Retiring in Savannah, Georgia, vs. Charleston, South Carolina

by Emily Beach

    Both Savannah, Georgia, and Charleston, South Carolina, offer rich cultural histories and a heavy dose of southern charm. Retirees considering a move to either of these cities will find many similarities, including mild climate, lowcountry cuisine and easy proximity to the beach. When you're looking for the best place to stretch your retirement savings, comparing the key differences between these two towns can help you get the most for your money.

    One of the top concerns for many retirees when choosing where to retire is finding a place that offers an attractive lifestyle at a reasonable cost. Sperling's Best Places uses an index to compare the cost of living in various cities to the average cost of living in the U.S. Sperling's grades Savannah at a 91, with Charleston rated at 110. That means Savannah is slightly cheaper than the average location, while Charleston is slightly more expensive. Consider housing, for example. The Savannah Economic Development Authority reports that the average home price in Savannah in 2011 was $200,517, while the average home price in Charleston was $322,212 over the same period.

    Income, sales, property and other taxes can take a big bite out of your retirement savings, so finding a tax-friendly city can leave more money for fun. Kiplinger.com describes both the Peach and the Palmetto states as tax-friendly to retirees. While both states have a state income tax in place, neither taxes Social Security benefits, and both offer exemptions for other types of retirement income.
    In Charleston and other South Carolina cities, those over 65 enjoy an income tax exemption on $10,000 of retirement income, while retirees under age 65 could exempt up to $3,000, as of 2012. State income tax rates vary from 3 to 7 percent. Property taxes are assessed at just 4 percent of market value, and those 65 and older can claim a homestead exemption of $50,000. The state sales tax rate is 6 percent, and the city of Charleston tacks on an additional 2 percent for a total tax rate of 8 percent.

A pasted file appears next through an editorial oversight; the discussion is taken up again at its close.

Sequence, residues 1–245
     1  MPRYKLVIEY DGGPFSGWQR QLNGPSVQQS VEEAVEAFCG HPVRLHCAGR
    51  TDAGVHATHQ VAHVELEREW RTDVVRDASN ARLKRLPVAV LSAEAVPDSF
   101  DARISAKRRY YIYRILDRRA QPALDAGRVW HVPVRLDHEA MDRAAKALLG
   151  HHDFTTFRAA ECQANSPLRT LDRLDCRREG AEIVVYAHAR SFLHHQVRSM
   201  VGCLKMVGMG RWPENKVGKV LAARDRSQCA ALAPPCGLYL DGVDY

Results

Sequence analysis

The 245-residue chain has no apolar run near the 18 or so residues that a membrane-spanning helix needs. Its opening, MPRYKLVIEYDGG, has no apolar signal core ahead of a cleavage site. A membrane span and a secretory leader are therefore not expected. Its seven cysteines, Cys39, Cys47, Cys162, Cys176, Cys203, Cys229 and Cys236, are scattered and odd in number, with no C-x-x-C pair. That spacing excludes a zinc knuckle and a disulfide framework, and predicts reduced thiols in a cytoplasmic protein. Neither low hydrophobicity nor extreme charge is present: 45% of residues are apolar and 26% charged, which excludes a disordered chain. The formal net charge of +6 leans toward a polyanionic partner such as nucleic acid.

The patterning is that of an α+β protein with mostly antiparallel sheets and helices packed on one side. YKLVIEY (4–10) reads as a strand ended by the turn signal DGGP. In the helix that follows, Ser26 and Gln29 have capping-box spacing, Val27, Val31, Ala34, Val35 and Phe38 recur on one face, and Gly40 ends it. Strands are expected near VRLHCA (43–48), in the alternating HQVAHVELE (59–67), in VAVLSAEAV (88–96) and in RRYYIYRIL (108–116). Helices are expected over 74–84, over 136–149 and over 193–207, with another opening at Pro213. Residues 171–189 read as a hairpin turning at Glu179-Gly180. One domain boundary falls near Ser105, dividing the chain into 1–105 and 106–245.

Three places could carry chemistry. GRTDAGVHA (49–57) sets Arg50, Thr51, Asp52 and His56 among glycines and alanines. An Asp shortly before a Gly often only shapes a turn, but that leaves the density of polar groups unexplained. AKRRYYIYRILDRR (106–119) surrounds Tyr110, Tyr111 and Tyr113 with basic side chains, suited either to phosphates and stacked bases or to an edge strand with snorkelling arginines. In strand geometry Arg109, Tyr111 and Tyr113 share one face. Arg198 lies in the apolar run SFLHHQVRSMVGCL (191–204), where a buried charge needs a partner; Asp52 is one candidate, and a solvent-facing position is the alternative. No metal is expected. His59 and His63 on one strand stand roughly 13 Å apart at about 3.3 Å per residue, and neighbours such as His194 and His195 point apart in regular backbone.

Income tax rates in Savannah range from 1 to 6 percent. Those aged 62 to 64 get an exemption of $35,000, while retirees 65 and older can take an exemption of $65,000. Property taxes are assessed at 40 percent of home value, and retirees may qualify for a homestead exemption of up to $2,000. Georgia maintains a sales tax rate of 4 percent, while Savannah adds an additional 3 percent to this amount, for a total sales tax rate of 7 percent.

    The Savannah Economic Development Authority reveals that as of 2011, 23.3 percent of Savannah's population was 55 years of age or older, while the Charleston Regional Development Alliance reports that 23.9 percent of city residents were 55 years of age or older.

    Though Savannah and Charleston share similar climates, Savannah residents face a slightly wider temperature range, as well as more rain, than Charleston residents. Sperling's Best Places reports that an average of 46 inches of rain falls in Charleston each year, compared to 48.8 inches in Savannah. Charleston's lowest average temperature in January is 42.1 Fahrenheit, compared to 38.9 in Savannah. In July, Savannah has an average high of 92, compared to a slightly milder 88 degrees in Charleston.

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    About the Author

    Emily Beach works in the commercial construction industry in Maryland. She received her LEED accreditation from the U.S. Green Building Council in 2008 and is in the process of working towards an Architectural Hardware Consultant certification from the Door and Hardware Institute. She received a bachelor's degree in economics and management from Goucher College in Towson, Maryland.

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